Heosemys leytensis

Taylor, 1920
Philippine pond turtle

The carapace (to 21 cm) is somewhat flattened and lacks a keel, or, if one is present, it is only on the posterior vertebrals. Vertebrals are broader than long. Anterior marginals are largest, projecting forward beyond the cervical over the sides of the neck making the anterior rim sharply serrated; posterior marginals are slightly serrated. The carapace is brown to reddish brown and unmarked. The plastron narrows both anteriorly and posteriorly, and is much smaller than the carapace. It is strongly notched posteriorly. Gulars are strongly projecting and contain a large angular notch between them. The plastral formula is: abd > pect > fem > gul > hum > an. The bridge is longer than the hindlobe of the plastron, and contains an axillary and an inguinal. Plastron and bridge are uniformly yellow to brown or reddish brown. The head appears large, and the snout is pointed and projecting. The eyes are small. The upper jaw is distinctly hooked and slightly bicuspid. Dorsally, the head skin is divided into scales. The head is brown with some darker mottling on the temple. A narrow yellow bar crosses the head just behind the tympanum where it passes downward toward the neck (this bar may be interrupted medially), and a small yellow spot may occur on each side of the lower jaw. The neck is dark brown on top but lighter on the sides and beneath. Limbs are darker brown anteriorly and lighter beneath. Each foreleg contains four enlarged transverse irregular scales on its upper surface, and a large transverse scale at the heel. Each hindlimb also has enlarged transverse scales on the anterior surface, but no large scales at the heel. All toes have heavy claws and webbing. Skin on the legs, body, and neck contains very small tubercles giving it a roughened appearance.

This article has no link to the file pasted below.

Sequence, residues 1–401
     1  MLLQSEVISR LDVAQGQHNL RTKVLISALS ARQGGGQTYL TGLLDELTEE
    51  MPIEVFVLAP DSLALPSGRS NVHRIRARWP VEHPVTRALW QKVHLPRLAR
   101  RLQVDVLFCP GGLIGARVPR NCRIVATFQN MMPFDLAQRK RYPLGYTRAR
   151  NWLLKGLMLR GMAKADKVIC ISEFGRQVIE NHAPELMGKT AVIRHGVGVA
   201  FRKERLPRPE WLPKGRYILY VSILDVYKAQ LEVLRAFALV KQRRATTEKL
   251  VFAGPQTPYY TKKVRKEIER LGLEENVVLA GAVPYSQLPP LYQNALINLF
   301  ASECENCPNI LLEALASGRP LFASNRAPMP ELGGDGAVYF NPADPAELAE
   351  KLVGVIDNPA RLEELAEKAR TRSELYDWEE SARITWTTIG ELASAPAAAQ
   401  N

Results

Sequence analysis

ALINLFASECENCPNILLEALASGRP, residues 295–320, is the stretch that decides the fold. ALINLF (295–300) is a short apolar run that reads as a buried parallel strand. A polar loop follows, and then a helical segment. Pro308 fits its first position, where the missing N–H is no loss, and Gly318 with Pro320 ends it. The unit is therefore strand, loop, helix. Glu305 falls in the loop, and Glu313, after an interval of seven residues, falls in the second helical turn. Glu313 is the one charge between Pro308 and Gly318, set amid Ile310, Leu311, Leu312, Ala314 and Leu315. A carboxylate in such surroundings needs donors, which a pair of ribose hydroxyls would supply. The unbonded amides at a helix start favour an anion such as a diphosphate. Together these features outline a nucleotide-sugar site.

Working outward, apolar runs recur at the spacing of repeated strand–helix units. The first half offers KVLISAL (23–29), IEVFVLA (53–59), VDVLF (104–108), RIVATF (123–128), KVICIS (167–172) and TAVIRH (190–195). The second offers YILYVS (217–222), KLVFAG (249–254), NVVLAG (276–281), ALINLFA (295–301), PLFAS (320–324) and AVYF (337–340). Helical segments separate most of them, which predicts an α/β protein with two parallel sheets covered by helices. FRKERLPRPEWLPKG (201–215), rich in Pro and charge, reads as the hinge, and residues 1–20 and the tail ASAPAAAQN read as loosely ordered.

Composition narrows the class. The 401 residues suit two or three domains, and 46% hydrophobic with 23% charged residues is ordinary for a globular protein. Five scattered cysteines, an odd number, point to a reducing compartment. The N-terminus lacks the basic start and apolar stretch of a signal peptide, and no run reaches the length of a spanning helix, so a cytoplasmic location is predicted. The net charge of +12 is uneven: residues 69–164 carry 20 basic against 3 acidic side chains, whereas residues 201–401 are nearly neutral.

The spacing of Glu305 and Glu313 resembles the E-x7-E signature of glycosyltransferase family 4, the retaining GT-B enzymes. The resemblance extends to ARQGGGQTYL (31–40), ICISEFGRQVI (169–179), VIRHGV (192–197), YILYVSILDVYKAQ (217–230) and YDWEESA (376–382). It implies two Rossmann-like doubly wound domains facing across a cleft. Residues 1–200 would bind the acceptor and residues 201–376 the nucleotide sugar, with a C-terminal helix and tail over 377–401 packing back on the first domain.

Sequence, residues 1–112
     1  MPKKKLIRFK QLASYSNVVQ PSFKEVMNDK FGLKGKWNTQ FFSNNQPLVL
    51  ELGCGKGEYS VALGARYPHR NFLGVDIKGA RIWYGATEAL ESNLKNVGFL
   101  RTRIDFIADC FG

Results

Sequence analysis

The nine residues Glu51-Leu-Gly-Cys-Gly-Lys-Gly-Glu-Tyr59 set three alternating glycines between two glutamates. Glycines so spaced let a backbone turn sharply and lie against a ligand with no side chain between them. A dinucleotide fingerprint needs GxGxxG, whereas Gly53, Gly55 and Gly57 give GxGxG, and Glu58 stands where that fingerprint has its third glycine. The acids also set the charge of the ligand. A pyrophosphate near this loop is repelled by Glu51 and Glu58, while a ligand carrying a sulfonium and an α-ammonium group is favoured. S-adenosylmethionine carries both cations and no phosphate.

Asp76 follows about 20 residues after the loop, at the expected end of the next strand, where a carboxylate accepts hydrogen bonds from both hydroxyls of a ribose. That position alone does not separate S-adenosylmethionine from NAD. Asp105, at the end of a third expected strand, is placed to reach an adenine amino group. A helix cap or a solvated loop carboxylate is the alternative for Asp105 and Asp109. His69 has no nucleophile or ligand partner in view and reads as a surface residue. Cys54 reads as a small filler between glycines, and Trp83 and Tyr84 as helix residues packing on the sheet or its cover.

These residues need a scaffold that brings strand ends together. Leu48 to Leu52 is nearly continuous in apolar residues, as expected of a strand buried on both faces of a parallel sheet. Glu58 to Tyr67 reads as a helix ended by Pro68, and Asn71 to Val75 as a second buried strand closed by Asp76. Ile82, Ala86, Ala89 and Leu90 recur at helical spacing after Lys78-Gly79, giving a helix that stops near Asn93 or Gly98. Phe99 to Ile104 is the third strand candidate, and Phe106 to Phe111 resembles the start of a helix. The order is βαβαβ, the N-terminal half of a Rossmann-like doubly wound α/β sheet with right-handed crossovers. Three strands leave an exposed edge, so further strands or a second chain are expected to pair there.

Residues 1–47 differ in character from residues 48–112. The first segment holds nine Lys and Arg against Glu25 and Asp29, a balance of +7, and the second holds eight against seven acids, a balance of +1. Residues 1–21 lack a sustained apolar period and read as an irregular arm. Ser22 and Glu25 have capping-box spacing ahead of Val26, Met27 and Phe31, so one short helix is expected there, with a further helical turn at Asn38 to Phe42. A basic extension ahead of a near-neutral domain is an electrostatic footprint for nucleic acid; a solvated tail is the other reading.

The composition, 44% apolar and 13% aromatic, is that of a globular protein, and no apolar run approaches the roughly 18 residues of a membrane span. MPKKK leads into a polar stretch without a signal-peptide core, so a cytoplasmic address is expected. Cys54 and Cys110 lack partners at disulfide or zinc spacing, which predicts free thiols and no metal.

Sexual dimorphism has not been described.

There are only a few specimens of this rare species known, collected at Cabalian in southern Leyte and Palawan Province, Philippine Islands (Timmerman and Auth, 1988).

Natural History
The biology of this turtle is unknown.

IUCN Red List Status (1996)
Endangered (B1+2c); listed as Geoemyda leytensis.